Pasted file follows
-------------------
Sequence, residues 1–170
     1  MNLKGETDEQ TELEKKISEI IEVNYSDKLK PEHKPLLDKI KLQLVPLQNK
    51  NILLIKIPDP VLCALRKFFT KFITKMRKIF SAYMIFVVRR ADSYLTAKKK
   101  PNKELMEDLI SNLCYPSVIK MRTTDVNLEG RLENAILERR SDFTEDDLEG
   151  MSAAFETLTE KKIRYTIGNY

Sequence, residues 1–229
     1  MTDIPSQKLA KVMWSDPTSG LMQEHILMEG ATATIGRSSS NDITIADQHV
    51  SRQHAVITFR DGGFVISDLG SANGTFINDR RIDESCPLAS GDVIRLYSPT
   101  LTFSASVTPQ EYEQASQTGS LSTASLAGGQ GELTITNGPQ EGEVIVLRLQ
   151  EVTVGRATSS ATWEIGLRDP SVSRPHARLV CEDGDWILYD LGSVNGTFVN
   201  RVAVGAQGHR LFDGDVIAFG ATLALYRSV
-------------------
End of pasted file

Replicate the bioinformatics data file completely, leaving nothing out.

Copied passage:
Sequence, residues 1–170
     1  MNLKGETDEQ TELEKKISEI IEVNYSDKLK PEHKPLLDKI KLQLVPLQNK
    51  NILLIKIPDP VLCALRKFFT KFITKMRKIF SAYMIFVVRR ADSYLTAKKK
   101  PNKELMEDLI SNLCYPSVIK MRTTDVNLEG RLENAILERR SDFTEDDLEG
   151  MSAAFETLTE KKIRYTIGNY

Sequence, residues 1–229
     1  MTDIPSQKLA KVMWSDPTSG LMQEHILMEG ATATIGRSSS NDITIADQHV
    51  SRQHAVITFR DGGFVISDLG SANGTFINDR RIDESCPLAS GDVIRLYSPT
   101  LTFSASVTPQ EYEQASQTGS LSTASLAGGQ GELTITNGPQ EGEVIVLRLQ
   151  EVTVGRATSS ATWEIGLRDP SVSRPHARLV CEDGDWILYD LGSVNGTFVN
   201  RVAVGAQGHR LFDGDVIAFG ATLALYRSV